The human body,
My first exposure to science fiction stories set under the ocean was Twenty-Thousand Leagues Under the Sea. My apprehension was fostered by CBC Theatre 10:30's excellent adaptation of John Wyndham's The Kraken Wakes (Out of the Deeps). My fascination, however, began with a 3-part Worlds of If serial published in 1967 by Hal Clement. Ocean On Top was later released in 1973 as an early DAW paperback with a great Jack Gaughn cover.
Why the fascination? Apparently, I'm not alone. An internet search of undersea science fiction leads to many sites and lists. The covers sell it (or art-Frank Tinsley lovingly portrayed all kinds of future habitats in many speculative articles for Mechanix Illustrated); the words embellish it. Whether it be sleek submarines hovering over domed cities under the waves, or surgically-altered gillhumans riding sharks (Kenneth Bulmer), the images are compelling. The sea floor is the unknown. Humans at best interact with the epipelagic photic zone on a regular basis. The abyss beckons and threatens. It's dark and cold; fatal to humans outside a pressure-protected environment. The lure of being able to interact tactilely with whatever denizens of the deep may exist is strong to the exploration-minded. A truly alien environment.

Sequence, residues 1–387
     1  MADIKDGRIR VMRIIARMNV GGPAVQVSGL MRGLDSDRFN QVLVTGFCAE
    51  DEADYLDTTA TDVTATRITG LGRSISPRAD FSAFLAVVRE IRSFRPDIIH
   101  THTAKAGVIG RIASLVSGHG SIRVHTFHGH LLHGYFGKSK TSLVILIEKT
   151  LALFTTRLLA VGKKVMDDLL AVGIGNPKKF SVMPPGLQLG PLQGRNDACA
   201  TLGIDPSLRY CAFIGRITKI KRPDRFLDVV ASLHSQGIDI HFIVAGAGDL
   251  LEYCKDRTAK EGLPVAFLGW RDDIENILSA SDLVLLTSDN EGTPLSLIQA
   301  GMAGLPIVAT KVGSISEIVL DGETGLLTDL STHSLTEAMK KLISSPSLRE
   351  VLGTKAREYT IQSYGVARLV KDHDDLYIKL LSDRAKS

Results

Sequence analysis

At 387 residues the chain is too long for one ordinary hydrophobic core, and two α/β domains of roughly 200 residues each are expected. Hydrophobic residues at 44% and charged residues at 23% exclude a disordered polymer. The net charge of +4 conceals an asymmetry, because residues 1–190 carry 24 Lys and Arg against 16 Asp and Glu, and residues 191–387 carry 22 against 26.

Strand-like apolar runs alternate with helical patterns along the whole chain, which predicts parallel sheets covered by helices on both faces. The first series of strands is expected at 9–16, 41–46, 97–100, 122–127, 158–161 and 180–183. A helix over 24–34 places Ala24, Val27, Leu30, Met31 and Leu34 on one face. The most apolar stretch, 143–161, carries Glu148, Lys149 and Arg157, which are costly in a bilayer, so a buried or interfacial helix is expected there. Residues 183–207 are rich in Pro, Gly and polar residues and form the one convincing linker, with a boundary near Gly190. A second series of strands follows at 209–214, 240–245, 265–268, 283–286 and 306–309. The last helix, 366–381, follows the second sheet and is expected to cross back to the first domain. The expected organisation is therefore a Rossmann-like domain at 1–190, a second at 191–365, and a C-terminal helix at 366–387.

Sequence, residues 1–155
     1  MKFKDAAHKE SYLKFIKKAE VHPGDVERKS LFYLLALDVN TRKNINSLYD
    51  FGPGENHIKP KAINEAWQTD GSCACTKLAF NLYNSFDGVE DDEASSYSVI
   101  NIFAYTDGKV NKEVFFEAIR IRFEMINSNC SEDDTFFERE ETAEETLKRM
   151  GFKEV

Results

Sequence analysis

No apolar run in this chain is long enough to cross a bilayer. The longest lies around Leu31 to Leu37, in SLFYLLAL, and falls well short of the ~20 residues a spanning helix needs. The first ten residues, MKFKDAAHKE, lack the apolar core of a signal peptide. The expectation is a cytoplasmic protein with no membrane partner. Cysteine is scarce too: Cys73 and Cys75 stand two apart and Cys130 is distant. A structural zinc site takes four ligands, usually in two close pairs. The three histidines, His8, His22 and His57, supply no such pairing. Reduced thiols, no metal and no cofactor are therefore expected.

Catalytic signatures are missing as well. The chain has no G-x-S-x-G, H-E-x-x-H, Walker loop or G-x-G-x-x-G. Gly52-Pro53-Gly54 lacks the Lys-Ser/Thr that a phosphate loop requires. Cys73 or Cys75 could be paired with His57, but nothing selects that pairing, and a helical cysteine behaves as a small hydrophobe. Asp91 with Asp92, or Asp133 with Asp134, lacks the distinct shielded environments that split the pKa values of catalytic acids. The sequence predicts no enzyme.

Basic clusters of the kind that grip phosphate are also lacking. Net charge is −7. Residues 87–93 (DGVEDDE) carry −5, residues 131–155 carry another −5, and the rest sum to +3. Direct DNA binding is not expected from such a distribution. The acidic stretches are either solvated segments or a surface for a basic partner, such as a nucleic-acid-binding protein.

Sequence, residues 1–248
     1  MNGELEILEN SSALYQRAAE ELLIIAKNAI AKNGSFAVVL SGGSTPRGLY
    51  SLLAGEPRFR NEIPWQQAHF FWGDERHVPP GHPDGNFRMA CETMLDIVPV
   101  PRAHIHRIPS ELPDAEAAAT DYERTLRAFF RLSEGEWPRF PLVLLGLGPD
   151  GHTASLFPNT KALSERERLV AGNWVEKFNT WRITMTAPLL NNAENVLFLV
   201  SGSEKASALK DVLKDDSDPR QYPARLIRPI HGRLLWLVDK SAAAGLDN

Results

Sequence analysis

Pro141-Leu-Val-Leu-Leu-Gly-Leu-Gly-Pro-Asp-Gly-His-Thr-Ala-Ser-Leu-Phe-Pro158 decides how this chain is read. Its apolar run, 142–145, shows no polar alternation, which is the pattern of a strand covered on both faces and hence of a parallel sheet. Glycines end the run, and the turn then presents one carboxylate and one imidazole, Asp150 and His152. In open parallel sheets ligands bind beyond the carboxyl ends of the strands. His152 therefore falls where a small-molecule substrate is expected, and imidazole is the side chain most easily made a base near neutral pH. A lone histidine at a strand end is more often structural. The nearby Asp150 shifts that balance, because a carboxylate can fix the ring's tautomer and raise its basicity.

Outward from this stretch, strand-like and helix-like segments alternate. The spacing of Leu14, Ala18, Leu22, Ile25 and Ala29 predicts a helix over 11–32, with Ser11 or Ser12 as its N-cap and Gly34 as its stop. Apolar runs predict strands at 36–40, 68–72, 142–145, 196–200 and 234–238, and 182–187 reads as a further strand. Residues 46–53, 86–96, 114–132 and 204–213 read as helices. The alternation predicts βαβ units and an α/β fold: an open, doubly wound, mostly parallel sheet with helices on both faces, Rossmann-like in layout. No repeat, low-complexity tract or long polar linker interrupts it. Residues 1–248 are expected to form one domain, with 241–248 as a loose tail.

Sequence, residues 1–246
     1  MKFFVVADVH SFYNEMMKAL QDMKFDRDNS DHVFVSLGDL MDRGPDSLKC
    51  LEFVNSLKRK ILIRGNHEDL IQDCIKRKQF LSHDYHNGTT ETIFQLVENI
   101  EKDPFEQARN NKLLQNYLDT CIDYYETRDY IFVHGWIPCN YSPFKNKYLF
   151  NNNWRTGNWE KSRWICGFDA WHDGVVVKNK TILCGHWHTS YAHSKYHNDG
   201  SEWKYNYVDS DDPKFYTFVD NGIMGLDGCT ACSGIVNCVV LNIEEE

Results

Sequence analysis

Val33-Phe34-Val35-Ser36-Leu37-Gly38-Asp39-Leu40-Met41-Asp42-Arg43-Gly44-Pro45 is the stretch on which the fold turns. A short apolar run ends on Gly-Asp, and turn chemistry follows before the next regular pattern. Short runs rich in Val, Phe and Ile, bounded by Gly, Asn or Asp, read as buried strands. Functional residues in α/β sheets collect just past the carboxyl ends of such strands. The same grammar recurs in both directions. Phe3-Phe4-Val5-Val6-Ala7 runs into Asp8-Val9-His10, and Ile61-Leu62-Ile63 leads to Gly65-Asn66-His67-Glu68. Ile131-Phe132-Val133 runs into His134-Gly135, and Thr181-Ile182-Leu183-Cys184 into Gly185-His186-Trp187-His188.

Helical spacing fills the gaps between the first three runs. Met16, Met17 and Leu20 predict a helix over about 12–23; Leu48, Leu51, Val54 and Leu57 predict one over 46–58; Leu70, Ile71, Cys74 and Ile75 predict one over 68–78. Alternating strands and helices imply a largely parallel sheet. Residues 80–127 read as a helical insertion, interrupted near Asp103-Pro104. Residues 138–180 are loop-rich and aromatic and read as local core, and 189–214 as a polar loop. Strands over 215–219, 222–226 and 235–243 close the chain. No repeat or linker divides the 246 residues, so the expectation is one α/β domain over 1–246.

Alien environments are great settings for science fiction exploration. Extra-terrestrial survival requires similar gear to undersea survival: suits to contain and protect the fragile human form. Yet there is a fundamental difference despite the morphologic parallel. Survival in outer space requires keeping the earth's environment inside the suit or living quarters. Establishing an outpost in the depths of earth's oceans requires keeping that environment at bay. Surviving under immense pressure may still be easier than in a radiation-charged vacuum.
Every generation of writers returns to the water. Fred Pohl and Jack Williamson's YA classic Undersea trilogy has been re-issued many times. Kenneth Bulmer did his take with City Under the Sea and To Sail the Silver Sky. Frank Herbert's Under Pressure is another 1950's vision. Michael Crichton's Sphere brought the subgenre (or submarine genre) into the 1980's and Peter Watts drove a spike into its heart with his disturbingly brilliant Rifters saga at the close of the 20th century.
To return to the question of relevance, science fiction is often a cautionary tale forum. Ecology and overpopulation were brought into the SF readers' consciousness by such authors as Ursula Leguin (The Word for World is Forest), Harry Harrison (Make Room! Make Room!) and John Brunner (Stand On Zanzibar). The oceans can be as fragile as terrestrial ecological systems so the literary opportunity to examine issues, options and solutions is very relevant to 21st century life. Overpopulation isn't going away and the oceans feed those nations who can afford to harvest from the sea.
I suspect I've missed some recent SF undersea novels and that the genre is alive and thriving. I hope so.